While grilled cheese and apple juice do not, as one participant in the conversation in class noted, represent “the church’s communion,” this response places the emphasis on the wrong syllable. Communion ultimately does not belong to the church, but to Christ Jesus who is the host. The accent note of the question of Ethan’s involvement in communion is not what the elements or the church’s communion should be, but on the availability of Christ Jesus to Ethan. Thus, the communion offered (or not offered) to Ethan goes beyond the bread and the cup–or even grilled cheese and apple juice, to the question of whether Ethan is a part of the body of Christ.

On the level of Christ Jesus’ open invitation to join with him in communion, Ethan is included. Jesus offers himself to and for Ethan and his Sunday School class. Jesus eats with them, as he did with a wide variety of people during his earthly ministry. While the church is more comfortable if those partaking of communion can verbalize what it is they are receiving, the provision and partaking of food can also be seen as providing its own self-evident meaning. Food offered and partaken signals fellowship, communion, and relationship. It represents an action of sharing, of gift and reception. Persons with
disabilities and elderly folks with limited language and/or cognition are able to participate in the meal and hence in its underlying meaning.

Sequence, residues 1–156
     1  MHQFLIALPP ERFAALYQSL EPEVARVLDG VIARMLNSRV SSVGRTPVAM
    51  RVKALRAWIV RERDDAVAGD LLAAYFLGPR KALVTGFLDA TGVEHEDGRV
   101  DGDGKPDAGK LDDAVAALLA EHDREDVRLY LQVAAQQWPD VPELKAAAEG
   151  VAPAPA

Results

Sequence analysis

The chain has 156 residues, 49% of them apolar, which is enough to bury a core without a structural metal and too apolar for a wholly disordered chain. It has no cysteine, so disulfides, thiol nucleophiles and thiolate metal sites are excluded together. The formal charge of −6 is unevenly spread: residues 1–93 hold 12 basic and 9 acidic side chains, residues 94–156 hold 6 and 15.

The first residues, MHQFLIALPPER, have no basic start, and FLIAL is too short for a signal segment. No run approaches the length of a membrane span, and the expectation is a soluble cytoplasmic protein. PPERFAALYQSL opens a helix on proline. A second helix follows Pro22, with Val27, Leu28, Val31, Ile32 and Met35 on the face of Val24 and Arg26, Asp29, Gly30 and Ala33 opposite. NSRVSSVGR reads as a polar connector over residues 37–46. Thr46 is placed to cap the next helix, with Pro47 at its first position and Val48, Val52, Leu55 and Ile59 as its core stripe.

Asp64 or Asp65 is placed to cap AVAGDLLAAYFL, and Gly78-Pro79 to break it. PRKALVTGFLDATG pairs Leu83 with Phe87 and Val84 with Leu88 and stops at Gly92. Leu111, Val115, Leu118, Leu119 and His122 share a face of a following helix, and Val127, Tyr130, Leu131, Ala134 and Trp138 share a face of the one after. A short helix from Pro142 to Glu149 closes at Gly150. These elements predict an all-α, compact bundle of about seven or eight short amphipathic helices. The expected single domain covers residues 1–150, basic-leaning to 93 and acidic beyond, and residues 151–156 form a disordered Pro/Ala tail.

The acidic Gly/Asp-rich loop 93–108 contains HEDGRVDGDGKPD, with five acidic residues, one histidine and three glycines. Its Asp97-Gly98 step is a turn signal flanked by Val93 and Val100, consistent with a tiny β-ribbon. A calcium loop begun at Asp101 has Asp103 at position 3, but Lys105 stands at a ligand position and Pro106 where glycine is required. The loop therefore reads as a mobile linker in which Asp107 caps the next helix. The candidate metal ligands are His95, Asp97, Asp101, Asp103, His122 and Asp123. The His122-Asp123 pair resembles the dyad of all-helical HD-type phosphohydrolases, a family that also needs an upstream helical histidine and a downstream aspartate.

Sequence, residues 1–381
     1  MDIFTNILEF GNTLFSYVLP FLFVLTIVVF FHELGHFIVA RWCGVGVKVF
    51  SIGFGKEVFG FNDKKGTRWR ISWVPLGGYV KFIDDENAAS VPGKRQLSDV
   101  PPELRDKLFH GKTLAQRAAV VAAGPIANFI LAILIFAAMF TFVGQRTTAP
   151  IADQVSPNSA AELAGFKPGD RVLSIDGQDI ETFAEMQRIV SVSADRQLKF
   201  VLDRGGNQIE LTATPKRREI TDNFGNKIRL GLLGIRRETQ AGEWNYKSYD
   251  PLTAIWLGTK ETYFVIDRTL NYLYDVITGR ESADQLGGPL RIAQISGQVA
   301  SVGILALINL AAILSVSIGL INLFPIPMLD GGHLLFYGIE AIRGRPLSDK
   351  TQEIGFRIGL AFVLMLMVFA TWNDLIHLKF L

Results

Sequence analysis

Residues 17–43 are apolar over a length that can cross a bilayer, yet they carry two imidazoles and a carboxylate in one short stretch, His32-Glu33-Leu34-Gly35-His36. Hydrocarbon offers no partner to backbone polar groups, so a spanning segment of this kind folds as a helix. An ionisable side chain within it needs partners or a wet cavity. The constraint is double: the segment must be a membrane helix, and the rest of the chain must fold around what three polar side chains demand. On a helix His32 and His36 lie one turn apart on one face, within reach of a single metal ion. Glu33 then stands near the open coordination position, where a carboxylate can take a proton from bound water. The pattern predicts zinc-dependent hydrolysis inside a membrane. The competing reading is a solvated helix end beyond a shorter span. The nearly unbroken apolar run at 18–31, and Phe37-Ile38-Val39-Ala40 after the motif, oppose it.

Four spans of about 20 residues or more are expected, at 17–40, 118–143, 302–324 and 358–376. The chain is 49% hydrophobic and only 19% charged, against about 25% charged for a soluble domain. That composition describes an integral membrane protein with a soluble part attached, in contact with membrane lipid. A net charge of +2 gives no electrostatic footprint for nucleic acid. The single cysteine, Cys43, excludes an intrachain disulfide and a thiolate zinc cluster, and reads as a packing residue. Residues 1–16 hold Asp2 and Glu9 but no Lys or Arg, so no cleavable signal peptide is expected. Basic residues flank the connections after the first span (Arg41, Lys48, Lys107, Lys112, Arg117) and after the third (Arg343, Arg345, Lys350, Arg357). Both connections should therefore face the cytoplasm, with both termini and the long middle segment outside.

On the level of the local church body, Ethan and his Sunday School class are also included. The message that Ethan and his class are part of the communion of God, and are invited to eat with Jesus, should be primary to whatever meal practices used. This ultimate message of being part of the fellowship of God is of greater importance than the elements used to convey that message. Actively sharing communion with this group of youngsters may mean offering Ethan or his whole class a bite of grilled cheese and a sip of apple juice as their communion fare.

Conversation with the Sunday School class during its communion meals, whatever the fare, could focus on communion themes. Such themes include the idea that Jesus eats with all of us, a lesson perhaps aided by having a picture or doll of Jesus present for the conversation and meal. Another lesson could focus on the idea that we all eat together, a concept that could be aided by photos or videos of Christians communing the world over. The lesson that, like Jesus, we help feed people, could be taught by helping with a feeding program. The reality that the Lord’s Supper is a thanksgiving meal, a party meal, and a memorial meal could each be enacted through how the meal is laid and celebrated. The fact that the meal marks us as God’s people could be indicated by sharing other tokens representing the local church’s fellowship.

Since communion is a meal of the church, on occasion the church body should participate in the Sunday School class’s communion and, vice-versa, the class should participate in communion during the community’s worship. Communion of the class and the worshiping body should include the chance for the congregation to receive from and with the Sunday School class a growing awareness of the myriad of meanings and expressions of this embodied experience of Christ Jesus’ living presence. The very
embodied nature of the sacrament makes participation and non-participation loud and poignant bearers of the message of who is a part of this communion and who is not. Let us make sure Ethan and his classmates know that they are a part of this communion, of this fellowship, of this body—the body of Christ Jesus.